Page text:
Tech Tent: Hot gadgets, self-driving cars and a weird party at CES

Yandex founder Arkady Volozh with one of the firm's self-driving cars
Image caption The founder of Yandex - the "Russian Google" - is proud of his firm's progress with self-driving cars

It is the show that tells you where technology is heading - and this week on Tech Tent we bring you all the hottest gadgets and the top trends from CES in Las Vegas.

We find out about the interactive plank of wood that could be an interface for your smart home and the Japanese companion robot designed to make you fall in love with it.

We discuss 5G, AI and voice-activated devices - and try to cut through the hype and work out what products unveiled here will have a lasting impact.

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We also go for a ride in a self-driving car with Arkady Volozh, founder of Russia's tech giant Yandex. His company, often seen as Russia's equivalent of Google, started its autonomous vehicle research programme just two years ago.

But it is already operating a robot taxi service in Moscow and another Russian city, just as Google's Waymo division has begun a commercial ride sharing service in Phoenix, Arizona.

The Yandex boss admits that Waymo is the leader when it comes to autonomous driving technology but as we make our way remarkably smoothly around the streets of Las Vegas, albeit with a safety driver ready to take over, he's proud of the progress his company has made.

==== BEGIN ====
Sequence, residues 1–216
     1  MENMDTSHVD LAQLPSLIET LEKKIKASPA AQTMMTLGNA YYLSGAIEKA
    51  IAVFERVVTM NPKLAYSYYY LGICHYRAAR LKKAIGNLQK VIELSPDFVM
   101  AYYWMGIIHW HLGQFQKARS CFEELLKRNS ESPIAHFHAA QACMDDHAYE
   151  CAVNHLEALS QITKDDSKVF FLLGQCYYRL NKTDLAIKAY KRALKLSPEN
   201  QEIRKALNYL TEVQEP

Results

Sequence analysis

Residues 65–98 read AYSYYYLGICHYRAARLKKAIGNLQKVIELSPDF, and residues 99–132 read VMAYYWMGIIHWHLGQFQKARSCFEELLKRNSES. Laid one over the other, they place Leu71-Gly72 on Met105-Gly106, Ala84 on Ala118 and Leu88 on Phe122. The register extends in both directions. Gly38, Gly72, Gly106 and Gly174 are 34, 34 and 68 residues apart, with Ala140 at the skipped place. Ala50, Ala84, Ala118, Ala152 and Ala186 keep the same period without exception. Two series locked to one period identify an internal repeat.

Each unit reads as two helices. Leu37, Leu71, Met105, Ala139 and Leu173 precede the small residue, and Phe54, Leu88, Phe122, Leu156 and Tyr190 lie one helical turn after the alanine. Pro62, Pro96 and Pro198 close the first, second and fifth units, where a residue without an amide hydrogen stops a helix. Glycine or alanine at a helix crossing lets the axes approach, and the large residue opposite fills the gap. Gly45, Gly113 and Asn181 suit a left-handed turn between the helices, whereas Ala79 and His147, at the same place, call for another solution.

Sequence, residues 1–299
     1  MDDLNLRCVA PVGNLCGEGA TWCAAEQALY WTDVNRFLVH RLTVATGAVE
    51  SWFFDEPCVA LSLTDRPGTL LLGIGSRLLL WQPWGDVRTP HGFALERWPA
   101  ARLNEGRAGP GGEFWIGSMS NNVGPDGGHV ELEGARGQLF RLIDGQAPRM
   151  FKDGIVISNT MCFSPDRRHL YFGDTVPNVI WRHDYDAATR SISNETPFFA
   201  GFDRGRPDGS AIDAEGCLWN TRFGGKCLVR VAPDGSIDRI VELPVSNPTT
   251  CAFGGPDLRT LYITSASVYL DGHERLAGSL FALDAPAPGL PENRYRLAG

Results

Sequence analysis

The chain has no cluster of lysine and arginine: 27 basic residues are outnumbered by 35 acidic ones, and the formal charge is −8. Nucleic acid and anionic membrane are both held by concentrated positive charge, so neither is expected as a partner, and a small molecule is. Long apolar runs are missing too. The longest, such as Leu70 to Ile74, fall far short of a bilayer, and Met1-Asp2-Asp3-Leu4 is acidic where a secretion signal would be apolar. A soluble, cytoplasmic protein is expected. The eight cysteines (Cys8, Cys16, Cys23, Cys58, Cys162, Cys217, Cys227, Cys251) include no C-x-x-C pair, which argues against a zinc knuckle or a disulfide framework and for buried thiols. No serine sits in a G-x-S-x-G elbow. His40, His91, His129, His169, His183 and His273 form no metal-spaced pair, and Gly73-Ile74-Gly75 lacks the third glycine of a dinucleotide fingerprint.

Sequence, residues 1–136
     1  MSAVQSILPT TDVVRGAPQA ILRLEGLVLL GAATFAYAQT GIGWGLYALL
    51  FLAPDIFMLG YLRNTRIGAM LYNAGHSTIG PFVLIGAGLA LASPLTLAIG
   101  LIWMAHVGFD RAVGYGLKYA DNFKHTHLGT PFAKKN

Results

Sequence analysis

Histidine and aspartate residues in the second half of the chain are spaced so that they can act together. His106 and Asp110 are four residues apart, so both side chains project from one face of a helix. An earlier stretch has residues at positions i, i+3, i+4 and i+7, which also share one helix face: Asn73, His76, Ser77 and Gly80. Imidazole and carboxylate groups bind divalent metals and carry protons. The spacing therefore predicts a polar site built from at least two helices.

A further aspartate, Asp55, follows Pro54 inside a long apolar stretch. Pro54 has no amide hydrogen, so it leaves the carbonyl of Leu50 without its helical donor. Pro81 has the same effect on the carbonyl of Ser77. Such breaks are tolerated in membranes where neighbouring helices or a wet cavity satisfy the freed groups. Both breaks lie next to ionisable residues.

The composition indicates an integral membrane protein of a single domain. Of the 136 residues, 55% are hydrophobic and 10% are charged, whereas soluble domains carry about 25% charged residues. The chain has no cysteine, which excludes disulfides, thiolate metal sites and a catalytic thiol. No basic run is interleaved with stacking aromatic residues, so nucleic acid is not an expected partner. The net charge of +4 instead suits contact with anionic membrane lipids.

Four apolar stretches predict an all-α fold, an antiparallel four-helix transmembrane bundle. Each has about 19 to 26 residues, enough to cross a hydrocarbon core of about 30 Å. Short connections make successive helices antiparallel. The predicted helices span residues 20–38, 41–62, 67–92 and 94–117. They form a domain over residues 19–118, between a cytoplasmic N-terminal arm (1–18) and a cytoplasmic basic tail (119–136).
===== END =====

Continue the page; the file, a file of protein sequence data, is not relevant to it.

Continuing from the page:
"It took us less than two years to put this car on real streets," he says.

And he explains that while his first ride in an autonomous vehicle left him feeling that removing the safety driver would take a decade, he now thinks that his firm is "almost ready" to go completely driverless.

Yandex and others pushing the idea that the driverless future is nearly here must first convince two important constituencies. Local governments will need to change the rules of the road and consumers will need to be convinced that the technology is safe.

The ride sharing firm Lyft has been running an autonomous car service in Las Vegas during CES with two engineers on board to monitor things.

Those who have used it report that the service is so efficient that it rapidly becomes boring - surely a good thing - though the BBC's Dave Lee noticed that the back seat became uncomfortably hot because underneath it sits a beefy computer that powers the autonomous driving technology.

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Media captionWATCH: Skin printer wipes years from your face

In recent years, CES has been a better place than the traditional motor shows to see the latest innovations from the car industry. It's certainly where you will encounter excited predictions of the imminent arrival of the autonomous era.

Away from Las Vegas, however, I sense a more sceptical mood about self-driving cars, with last year's fatal accident involving an Uber vehicle raising all sorts of questions about how the technology can be rolled out responsibly.

Our final Tech Tent item is about a very weird CES party held at a luxury villa once owned by boxer Mike Tyson.

It was held by promoters of a tech trend that has been hyped to the heavens over the last couple of years - but which party guests struggled to explain as the wine flowed and live music filled the house. Tune in to the programme to find out which "world-changing" technology fuelled chatter at the do.

Read and watch all our CES coverage at bbc.com/ces2019

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